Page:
The term interior designer has become a little confusing. Traditionally what is now called an interior architect was previously called an interior designer. Over the years, though, the title has been used a lot by decorators and this has caused some confusion as to the services these professionals provide.

Although often mistaken for decorators, university-qualified interior designers can tackle a much broader scope of work. But some interior designers have only done a diploma so make sure to ask about the extent that they're skilled in and if your project is more involved with its scope, it would be prudent to work with an interior architect or architect.

We now see the services of an interior designer more focused on interior finishings including wet areas, kitchens and often room reconfigurations.

Although often mistaken as decorators, an interior designer brings together a wealth of knowledge and works collaboratively alongside other design professionals – engineers, architects, landscape architects and furniture makers.

Interior decorators and stylists

An interior decorator will usually have done some formal training, but not to the extent of an interior designer or architect. Generally, they will have completed a TAFE diploma, or something similar.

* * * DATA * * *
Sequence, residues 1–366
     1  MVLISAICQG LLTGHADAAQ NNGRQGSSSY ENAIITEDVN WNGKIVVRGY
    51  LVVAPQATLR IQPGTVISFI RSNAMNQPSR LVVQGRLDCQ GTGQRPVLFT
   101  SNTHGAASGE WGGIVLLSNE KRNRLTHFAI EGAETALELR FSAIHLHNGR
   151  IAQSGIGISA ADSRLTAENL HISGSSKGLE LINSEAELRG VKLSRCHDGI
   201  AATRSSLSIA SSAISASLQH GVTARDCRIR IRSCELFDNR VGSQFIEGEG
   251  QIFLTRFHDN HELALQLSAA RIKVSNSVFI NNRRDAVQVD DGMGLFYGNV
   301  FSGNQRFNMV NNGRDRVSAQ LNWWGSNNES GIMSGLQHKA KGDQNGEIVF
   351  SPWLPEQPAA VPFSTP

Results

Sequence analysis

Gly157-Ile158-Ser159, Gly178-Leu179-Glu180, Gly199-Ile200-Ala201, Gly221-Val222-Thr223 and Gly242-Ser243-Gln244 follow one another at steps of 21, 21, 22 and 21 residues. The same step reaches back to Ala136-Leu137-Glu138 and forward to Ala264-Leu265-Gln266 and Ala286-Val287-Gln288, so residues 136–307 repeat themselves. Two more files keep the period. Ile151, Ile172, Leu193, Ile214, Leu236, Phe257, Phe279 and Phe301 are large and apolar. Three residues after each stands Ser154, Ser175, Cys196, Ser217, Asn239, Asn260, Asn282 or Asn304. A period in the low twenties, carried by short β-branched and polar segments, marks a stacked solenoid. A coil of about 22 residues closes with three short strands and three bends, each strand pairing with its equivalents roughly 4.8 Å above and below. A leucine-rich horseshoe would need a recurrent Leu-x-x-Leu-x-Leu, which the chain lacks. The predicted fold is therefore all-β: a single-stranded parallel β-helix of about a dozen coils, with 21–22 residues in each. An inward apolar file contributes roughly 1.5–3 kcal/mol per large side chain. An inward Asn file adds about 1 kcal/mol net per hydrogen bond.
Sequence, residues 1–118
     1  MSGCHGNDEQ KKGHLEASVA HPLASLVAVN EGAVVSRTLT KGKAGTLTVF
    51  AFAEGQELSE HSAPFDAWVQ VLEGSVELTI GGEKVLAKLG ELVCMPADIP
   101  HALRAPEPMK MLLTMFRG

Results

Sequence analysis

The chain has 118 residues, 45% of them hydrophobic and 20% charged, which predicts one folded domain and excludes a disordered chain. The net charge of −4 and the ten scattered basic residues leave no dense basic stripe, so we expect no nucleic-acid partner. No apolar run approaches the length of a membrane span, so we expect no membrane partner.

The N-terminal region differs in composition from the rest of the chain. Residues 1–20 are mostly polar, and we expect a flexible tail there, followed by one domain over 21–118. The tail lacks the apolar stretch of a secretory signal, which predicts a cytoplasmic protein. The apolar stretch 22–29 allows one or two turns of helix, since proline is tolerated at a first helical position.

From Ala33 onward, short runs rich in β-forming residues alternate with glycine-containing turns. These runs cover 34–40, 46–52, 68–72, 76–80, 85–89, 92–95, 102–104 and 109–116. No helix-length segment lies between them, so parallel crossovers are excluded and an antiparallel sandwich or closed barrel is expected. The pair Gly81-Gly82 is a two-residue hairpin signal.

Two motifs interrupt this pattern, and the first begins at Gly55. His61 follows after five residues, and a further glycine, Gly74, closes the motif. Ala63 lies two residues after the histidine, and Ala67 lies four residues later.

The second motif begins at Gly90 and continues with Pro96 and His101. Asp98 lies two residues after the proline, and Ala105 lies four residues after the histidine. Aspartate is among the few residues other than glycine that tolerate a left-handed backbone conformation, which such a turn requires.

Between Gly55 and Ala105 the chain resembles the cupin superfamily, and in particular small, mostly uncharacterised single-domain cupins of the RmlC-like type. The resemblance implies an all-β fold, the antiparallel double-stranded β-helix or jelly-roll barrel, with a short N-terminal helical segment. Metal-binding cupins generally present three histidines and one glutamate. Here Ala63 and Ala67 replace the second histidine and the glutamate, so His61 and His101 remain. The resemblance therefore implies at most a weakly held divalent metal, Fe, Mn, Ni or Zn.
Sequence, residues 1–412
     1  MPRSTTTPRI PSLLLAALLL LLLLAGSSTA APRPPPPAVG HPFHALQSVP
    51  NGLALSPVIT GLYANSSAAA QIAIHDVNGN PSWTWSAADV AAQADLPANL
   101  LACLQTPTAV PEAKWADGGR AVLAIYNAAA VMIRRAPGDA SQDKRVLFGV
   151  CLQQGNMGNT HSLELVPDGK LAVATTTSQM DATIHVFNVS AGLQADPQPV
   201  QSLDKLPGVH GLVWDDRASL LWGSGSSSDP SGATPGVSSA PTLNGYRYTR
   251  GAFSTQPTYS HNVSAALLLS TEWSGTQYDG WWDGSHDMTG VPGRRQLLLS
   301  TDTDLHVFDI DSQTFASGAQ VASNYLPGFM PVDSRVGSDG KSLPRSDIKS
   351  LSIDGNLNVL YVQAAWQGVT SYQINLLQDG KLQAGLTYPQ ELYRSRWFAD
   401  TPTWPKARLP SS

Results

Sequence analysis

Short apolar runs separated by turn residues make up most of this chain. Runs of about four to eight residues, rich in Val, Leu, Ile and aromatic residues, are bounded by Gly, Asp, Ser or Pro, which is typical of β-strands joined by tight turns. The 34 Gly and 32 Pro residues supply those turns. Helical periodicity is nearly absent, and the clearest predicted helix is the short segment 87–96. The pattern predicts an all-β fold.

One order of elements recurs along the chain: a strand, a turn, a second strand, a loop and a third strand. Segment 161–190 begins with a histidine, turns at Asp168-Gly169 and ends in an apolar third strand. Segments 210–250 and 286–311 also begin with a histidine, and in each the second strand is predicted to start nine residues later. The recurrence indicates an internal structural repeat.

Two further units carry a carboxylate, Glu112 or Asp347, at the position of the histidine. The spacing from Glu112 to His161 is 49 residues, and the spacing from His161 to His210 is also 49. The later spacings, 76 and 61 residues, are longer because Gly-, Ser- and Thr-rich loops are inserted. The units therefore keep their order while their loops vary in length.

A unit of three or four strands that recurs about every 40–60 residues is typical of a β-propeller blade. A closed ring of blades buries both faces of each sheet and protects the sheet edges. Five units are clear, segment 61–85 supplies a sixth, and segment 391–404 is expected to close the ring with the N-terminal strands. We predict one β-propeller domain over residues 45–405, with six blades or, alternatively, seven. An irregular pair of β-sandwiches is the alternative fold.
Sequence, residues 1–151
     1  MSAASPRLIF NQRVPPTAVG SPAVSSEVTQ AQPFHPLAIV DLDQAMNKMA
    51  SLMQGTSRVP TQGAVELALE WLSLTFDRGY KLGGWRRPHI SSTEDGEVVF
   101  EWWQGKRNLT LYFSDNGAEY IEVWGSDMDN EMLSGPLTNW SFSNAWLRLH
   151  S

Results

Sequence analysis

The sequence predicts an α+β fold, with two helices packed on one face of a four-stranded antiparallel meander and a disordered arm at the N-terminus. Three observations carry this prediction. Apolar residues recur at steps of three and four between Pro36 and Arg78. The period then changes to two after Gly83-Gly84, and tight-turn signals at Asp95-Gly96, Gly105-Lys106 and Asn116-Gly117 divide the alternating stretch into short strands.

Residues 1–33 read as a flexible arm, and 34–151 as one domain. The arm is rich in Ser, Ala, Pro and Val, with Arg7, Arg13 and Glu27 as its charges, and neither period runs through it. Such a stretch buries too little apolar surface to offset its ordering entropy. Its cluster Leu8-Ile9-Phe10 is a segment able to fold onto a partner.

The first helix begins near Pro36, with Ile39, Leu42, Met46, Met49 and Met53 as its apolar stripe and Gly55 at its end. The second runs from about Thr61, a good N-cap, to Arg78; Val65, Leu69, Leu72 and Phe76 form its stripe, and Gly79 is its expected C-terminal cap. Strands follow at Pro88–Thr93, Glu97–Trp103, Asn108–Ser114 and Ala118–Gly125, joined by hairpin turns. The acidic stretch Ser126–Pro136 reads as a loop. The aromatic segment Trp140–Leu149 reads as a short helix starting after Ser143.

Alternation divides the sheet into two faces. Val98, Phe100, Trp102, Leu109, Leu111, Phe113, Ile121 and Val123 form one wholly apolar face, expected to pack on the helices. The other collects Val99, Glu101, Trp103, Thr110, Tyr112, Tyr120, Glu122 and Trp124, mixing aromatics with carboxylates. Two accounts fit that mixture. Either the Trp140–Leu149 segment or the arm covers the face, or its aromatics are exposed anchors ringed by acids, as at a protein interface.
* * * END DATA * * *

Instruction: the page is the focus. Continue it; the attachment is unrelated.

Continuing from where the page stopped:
The skill of the interior decorator comes to the fore with a focus on soft furnishings and general aesthetics. They operate solely within the already-built form and look for ways to use elements like colours, furniture, finishes and fabrics to create a cohesive look.

An interior stylist has a similar skill set to that of a decorator but is even more focused on temporary installation-type projects – for instance, real estate, events and displays. Stylists have a focus on soft furnishings, objects, decoration and art; and can provide staging services for photoshoots or the sale of a property.

Although not always the case, most interior decorators work within residential sector as this lends itself well to their area of expertise.

When you would hire an interior decorator

  • To help with cosmetic updates and changes

  • Sourcing new furniture or art

  • To create a colour and finishes scheme

When you would hire a stylist

  • Property styling when selling a home

  • To style a space for a photoshoot

  • Sourcing props and loan pieces of furniture

  • Venue or event installation